General: Perennial herb from slender rhizomes, usually with stolons; stems erect, 3-20 cm tall, finely glandular-hairy, leafless or with a simple unstalked leaf near the base.
Leaves: Basal leaves heart- to kidney-shaped, 1-3 cm long, doubly round-toothed, sparsely hairy, at least above, long-stalked; stem leaves, if present, reduced, unstalked, occurring near the stem-base.
Flowers: Inflorescence a loosely flowered spike-like cluster of 3 to 12 flowers, blossoming upward, the flower stalks 2-6 mm long; petals greenish-yellow, about 4 mm long, the claw slender, the blades dissected into 8 linear, opposite segments; calyces broadly bell- to saucer-shaped, tubular portion joined to ovary; free hypanthium almost absent; calyx lobes 5, egg-shaped, blunt to pointed; stamens 10.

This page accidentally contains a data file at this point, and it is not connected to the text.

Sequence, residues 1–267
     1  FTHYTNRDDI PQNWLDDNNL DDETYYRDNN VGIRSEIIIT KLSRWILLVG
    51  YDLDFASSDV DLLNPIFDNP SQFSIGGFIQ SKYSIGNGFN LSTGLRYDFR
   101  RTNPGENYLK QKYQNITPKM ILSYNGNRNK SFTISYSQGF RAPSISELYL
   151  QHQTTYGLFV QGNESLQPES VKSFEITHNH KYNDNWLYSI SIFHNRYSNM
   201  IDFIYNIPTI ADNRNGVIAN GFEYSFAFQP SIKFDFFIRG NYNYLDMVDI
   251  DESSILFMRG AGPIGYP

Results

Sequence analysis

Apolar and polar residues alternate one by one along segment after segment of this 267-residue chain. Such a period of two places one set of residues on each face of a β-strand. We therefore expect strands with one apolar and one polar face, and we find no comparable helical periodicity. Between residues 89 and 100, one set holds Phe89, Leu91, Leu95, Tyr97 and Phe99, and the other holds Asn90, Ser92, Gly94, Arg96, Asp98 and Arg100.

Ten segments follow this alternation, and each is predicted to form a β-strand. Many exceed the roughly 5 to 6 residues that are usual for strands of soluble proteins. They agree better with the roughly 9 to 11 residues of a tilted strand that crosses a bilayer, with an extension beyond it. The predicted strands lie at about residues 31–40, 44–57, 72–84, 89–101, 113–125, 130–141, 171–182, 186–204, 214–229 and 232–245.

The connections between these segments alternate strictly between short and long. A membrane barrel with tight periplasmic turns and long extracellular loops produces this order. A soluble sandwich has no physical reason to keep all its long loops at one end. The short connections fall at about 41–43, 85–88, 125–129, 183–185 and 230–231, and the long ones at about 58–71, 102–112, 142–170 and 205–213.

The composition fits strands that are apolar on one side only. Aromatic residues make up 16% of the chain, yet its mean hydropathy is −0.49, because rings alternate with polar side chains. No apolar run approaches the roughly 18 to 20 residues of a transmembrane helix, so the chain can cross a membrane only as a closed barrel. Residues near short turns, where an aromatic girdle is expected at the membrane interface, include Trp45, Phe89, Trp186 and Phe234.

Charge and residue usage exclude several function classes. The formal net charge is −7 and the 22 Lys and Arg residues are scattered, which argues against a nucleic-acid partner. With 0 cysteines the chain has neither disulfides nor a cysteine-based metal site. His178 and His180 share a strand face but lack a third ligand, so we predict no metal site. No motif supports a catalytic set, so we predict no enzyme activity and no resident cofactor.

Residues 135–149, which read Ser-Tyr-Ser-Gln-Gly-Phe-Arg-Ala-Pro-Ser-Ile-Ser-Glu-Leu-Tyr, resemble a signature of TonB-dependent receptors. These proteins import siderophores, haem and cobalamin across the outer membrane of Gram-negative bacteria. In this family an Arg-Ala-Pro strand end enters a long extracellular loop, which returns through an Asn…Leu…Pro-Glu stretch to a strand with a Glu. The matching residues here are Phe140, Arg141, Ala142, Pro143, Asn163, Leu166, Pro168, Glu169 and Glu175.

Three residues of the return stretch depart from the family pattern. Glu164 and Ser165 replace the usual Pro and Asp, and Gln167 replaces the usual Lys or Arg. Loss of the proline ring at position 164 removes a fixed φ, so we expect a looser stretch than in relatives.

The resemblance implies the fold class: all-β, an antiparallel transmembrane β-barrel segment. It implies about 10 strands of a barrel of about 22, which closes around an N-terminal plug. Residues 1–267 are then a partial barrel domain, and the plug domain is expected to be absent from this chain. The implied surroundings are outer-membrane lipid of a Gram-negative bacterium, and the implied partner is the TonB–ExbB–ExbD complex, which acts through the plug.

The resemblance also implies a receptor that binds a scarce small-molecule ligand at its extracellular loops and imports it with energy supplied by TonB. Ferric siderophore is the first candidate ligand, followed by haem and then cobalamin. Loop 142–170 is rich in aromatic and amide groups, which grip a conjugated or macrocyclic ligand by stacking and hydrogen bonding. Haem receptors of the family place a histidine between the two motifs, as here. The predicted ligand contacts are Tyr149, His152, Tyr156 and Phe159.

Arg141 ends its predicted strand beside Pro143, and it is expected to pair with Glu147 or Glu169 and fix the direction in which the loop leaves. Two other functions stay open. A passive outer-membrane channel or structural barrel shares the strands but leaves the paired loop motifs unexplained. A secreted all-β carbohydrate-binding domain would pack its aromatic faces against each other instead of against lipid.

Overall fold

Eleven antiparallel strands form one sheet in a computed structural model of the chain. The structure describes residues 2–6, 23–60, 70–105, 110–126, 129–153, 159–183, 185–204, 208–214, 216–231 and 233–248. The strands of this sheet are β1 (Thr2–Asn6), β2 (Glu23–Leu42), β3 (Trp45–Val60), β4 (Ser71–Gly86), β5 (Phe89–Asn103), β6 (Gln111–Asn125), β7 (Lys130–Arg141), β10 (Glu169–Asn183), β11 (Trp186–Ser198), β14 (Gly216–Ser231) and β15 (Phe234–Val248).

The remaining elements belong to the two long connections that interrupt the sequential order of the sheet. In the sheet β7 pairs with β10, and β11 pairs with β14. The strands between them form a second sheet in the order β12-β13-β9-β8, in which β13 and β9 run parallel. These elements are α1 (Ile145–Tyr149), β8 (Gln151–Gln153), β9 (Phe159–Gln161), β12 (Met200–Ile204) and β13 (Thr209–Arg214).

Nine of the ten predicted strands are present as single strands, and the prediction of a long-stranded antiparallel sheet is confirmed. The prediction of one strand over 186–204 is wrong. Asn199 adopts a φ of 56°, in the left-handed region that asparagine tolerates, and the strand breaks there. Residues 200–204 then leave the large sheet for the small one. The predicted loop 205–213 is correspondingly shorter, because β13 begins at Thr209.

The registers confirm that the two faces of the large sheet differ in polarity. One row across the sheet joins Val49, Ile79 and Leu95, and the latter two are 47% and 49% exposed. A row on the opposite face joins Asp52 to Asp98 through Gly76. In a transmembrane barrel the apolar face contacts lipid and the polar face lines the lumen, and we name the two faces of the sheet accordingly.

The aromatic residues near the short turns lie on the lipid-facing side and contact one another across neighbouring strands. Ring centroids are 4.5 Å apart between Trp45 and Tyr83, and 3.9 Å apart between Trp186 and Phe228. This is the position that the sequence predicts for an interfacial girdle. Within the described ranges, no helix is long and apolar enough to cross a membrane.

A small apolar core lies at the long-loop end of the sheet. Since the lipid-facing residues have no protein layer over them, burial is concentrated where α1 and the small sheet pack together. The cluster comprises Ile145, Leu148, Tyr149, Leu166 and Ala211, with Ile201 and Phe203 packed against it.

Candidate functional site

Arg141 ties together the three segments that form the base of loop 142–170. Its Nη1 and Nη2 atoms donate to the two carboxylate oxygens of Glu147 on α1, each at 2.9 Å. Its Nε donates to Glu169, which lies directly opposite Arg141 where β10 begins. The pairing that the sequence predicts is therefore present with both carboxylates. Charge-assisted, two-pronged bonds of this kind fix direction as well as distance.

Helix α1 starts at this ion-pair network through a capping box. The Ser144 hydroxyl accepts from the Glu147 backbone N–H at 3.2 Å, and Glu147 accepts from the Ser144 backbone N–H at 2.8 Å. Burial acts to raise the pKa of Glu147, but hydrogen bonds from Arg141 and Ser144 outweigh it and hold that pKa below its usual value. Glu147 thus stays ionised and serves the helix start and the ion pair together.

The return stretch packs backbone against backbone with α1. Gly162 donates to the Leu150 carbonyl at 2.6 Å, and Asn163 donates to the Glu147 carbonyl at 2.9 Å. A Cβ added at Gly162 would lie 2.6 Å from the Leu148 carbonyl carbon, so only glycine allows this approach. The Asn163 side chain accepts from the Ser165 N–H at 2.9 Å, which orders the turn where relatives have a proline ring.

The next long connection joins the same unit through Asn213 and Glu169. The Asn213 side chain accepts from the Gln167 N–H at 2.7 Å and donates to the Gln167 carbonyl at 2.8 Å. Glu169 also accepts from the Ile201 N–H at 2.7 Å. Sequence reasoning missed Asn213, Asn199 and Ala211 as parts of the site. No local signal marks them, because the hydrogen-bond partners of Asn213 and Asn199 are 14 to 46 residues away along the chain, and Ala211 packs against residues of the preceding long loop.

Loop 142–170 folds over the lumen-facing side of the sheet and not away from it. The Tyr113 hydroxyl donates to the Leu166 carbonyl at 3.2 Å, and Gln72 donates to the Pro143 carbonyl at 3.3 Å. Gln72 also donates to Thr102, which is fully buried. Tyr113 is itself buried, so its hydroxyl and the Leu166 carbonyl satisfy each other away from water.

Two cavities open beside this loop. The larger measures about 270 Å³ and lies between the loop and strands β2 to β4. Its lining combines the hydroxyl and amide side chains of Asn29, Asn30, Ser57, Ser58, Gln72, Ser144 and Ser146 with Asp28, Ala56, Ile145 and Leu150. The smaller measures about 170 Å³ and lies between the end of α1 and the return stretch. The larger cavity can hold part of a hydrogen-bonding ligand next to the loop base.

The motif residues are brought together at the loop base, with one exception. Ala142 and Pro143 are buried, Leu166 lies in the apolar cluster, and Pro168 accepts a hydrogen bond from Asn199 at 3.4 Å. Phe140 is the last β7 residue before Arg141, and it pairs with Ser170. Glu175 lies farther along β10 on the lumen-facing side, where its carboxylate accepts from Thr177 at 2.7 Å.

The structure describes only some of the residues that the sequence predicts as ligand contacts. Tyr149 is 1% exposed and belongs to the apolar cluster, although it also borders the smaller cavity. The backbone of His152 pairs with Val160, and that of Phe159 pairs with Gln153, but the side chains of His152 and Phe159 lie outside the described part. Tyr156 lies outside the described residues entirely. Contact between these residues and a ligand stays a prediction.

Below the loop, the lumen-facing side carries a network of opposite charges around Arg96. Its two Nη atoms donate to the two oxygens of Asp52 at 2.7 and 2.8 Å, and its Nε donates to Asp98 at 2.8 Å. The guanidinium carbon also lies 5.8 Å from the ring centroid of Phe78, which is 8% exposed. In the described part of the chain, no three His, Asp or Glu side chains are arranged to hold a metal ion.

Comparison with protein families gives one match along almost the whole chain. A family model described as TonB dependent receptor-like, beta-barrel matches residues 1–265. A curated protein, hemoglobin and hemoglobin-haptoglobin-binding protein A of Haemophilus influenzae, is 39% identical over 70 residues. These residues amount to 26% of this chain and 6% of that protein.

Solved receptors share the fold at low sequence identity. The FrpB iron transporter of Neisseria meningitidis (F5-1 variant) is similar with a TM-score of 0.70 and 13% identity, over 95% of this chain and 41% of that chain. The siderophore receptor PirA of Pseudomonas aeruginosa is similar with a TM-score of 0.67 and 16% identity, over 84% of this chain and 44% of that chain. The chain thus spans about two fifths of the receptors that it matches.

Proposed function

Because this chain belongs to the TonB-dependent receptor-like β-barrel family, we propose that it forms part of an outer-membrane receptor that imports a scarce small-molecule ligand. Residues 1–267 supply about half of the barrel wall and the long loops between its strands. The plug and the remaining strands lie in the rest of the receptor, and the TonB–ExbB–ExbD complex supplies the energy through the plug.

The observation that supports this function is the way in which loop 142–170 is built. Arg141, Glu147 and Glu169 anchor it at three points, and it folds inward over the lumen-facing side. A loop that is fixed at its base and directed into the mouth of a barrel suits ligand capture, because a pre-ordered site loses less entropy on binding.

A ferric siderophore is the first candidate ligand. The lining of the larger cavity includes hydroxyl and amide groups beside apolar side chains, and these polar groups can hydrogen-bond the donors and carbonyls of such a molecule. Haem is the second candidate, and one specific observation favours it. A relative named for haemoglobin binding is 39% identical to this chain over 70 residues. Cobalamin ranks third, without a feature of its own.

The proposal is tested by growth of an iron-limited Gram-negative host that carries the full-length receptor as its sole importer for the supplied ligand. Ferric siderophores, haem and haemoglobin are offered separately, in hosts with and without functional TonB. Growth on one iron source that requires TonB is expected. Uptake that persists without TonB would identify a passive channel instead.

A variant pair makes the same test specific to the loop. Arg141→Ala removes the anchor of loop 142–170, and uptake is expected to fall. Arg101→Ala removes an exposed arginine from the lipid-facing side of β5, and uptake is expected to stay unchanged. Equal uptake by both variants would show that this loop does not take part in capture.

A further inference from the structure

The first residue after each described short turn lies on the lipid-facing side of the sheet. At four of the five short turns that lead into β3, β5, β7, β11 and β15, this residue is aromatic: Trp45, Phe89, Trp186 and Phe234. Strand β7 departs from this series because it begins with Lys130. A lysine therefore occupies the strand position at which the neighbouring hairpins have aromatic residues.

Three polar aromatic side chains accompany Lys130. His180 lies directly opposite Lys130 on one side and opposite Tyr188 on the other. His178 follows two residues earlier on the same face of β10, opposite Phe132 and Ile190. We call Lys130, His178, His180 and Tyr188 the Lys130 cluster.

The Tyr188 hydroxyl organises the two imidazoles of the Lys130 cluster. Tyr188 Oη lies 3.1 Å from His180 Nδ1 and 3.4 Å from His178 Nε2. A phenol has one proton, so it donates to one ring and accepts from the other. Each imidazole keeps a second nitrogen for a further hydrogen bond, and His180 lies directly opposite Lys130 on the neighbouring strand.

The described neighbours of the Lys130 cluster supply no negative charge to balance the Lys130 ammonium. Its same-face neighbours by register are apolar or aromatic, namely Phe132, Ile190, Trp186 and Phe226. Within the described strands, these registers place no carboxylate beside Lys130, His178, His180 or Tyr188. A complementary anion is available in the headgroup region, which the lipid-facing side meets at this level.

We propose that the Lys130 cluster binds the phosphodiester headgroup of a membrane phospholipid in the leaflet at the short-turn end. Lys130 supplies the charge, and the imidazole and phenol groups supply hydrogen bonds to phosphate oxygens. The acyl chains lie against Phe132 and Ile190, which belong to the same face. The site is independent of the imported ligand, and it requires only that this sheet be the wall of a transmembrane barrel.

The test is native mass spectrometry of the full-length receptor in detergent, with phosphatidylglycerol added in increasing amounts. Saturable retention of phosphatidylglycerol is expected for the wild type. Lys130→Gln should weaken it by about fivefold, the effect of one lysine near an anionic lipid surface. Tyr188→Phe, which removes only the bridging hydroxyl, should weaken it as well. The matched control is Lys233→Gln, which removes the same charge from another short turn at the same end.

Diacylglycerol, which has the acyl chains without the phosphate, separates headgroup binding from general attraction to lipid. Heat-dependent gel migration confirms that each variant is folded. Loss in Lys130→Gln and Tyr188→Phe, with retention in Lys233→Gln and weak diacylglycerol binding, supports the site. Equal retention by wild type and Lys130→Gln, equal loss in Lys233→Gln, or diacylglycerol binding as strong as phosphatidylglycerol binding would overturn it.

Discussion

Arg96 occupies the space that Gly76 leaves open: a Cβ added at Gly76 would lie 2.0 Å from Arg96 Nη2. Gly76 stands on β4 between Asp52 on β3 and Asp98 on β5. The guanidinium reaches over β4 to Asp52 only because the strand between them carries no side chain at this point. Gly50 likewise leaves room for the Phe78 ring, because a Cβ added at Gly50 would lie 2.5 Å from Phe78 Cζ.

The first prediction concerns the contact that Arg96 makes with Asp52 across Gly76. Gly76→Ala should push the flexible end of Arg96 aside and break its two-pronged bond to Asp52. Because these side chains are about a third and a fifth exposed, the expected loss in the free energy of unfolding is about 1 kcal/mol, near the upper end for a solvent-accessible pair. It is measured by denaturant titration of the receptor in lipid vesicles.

Moist to wet streambanks, meadows, thickets, swamps and forests in the lowland and montane zones; common throughout BC east of the Coast-Cascade Mountains; amphiberingian, N to SE AK, S YT and SW NT, E to NF and S to NH, PA, MI, IO, ND, MT and WA.
A shade-tolerant/intolerant, montane to subalpine, Asian and transcontinental North American forb (absent in the Pacific region). Occurs in continental boreal and cool temperate climates on fresh to moist, nitrogen-medium soils; its occurrence increases with increasing elevation and continentality. Sporadic in semi-open coniferous forests on water-shedding and water-receiving sites in the eastern coast-interior ecotone. Characteristic of continental forests.
Recommended citation: Author, Date. Page title. In Klinkenberg, Brian. (Editor) 2017. E-Flora BC:
Electronic Atlas of the Plants of British Columbia [eflora.bc.ca]. Lab for
Advanced Spatial Analysis, Department of Geography, University of British
Columbia, Vancouver. [Accessed:
24/06/2019 2:36:01 AM
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